An Ever-Elusive Goal: Raising the Budget Reserve Requirement
Walker’s Budget Again Delays Planned Increase in the Reserve Requirement
For as long as I can remember, Wisconsin lawmakers have agreed that the state should increase the very small reserve that budget writers are required to set aside each year. I’ve lost track of how many times the legislature has enacted legislation to increase the reserve that would be required in the future – only to see that change delayed as the date drew nearer. It’s a quest that feels a bit like pursuing the far horizon.
I thought Scott Walker might be the governor who would finally take this fiscally prudent step because he campaigned on fiscal responsibility, and the time to increase the reserve is when the state is emerging from an economic downturn. However Governor Walker’s last budget bill postponed the planned increase to 2% of General Fund spending – moving that change from fiscal year 2013-14 to FY 2015-16. And although the issue has escaped notice this year, Walker is again proposing to delay the increase, so it wouldn’t be required until the 2017-19 biennium.
Wisconsin’s current reserve requirement is $65 million, which is less than 0.5% of General Fund appropriations. That is less than a tenth of what is generally recommended. A fall 2012 publication called the Fiscal Survey of the States by the National Association of State Budget Officers (NASBO) summarizes the thinking about budget reserves or balances:
“Though budget experts’ views vary, an informal rule-of-thumb used to be that balances should be built to a level that equals at least five percent of total expenditures to provide a relatively adequate fiscal cushion. However, in the wake of the recent financial crises, there have been calls by some organizations and academics to increase the standard size above five percent, in some cases much higher than five percent.”
From fiscal year 1987 through FY 2000, Wisconsin’s minimum requirement was 1.0%, and then briefly inched up to 1.2%. However, after Governor Doyle inherited a huge structural deficit, the required set aside was slashed to $35 million, and it has been set at $65 million since FY 2006 — with statutory promises of a future increase.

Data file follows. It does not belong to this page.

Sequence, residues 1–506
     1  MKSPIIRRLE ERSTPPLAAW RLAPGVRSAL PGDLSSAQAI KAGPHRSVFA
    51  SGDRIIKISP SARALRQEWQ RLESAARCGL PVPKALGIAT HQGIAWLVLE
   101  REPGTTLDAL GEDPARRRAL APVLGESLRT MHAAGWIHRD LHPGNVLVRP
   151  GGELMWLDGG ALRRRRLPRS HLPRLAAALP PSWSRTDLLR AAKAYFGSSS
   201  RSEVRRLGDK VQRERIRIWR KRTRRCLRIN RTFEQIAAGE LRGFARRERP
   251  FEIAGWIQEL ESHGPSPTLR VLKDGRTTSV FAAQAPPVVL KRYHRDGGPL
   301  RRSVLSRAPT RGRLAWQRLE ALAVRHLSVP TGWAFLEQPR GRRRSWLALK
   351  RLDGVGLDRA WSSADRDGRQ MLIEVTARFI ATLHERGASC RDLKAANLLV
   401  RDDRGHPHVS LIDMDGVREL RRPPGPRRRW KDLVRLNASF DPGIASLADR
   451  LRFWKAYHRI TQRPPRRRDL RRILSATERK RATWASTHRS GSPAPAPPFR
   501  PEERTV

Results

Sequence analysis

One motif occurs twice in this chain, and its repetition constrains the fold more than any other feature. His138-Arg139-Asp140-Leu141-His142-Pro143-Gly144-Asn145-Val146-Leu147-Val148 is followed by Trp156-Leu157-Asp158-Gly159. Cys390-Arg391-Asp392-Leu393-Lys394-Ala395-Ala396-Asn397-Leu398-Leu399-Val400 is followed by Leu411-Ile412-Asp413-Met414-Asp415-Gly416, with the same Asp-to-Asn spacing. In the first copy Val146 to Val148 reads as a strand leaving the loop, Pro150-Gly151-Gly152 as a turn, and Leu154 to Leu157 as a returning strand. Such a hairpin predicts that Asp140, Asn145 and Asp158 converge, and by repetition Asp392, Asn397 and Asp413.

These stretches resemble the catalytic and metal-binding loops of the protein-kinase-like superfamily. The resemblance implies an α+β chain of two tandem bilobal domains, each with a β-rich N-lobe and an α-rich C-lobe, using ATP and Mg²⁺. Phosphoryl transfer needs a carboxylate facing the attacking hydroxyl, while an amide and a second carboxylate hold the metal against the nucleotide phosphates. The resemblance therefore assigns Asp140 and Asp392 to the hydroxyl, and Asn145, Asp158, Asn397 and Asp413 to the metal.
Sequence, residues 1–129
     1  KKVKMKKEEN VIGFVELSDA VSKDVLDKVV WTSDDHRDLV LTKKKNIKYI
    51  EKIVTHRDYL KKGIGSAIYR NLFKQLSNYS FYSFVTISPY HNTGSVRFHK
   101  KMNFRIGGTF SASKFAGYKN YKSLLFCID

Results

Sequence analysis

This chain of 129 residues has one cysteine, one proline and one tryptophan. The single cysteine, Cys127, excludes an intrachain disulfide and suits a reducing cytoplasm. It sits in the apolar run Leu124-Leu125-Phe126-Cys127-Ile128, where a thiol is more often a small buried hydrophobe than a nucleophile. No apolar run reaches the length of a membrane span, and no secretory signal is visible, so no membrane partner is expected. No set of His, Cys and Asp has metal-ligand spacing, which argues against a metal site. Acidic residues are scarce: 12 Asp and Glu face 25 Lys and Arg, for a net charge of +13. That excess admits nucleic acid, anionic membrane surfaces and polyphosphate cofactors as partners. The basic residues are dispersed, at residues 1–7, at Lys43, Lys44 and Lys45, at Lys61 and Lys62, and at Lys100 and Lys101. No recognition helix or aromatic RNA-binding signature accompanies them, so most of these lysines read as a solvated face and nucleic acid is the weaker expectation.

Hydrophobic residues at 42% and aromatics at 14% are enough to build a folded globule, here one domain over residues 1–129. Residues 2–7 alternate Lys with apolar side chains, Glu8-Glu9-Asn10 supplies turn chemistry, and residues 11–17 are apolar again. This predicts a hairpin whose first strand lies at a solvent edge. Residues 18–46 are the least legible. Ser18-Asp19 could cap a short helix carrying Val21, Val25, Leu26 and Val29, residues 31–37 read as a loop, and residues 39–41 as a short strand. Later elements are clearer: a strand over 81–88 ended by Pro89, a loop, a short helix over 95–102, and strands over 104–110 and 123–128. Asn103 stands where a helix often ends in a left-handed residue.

Most other states are more fiscally prudent. Although Wisconsin finished fiscal year 2012 with a 2.5% balance – well above what we often have – the Fiscal Survey of the States reports that the average balance nationally was 7.6%. Only 11 states had a lower balance (in percentage terms) than Wisconsin. Although Wisconsin has finally set aside a little money in a rainy day fund, we still fall far short of what most states set aside in some form of reserve.
Since our state is expected to finish the current fiscal year with a $485 million balance ($420 million above the reserve requirement), this is a great time to increase the reserve, yet the Walker budget once again delays the planned increase. That decision is doubly disappointing because it not only squanders an opportunity to finally begin building the reserve, but it also leads to commitments for tax cuts and spending that are projected to create a structural deficit in future years.
Many legislators in both parties have expressed interest in reducing Wisconsin’s structural deficit. I hope they will seriously consider using some of the current balance to increase the statutory reserve requirement in the next budget, rather than continually delaying that long overdue change.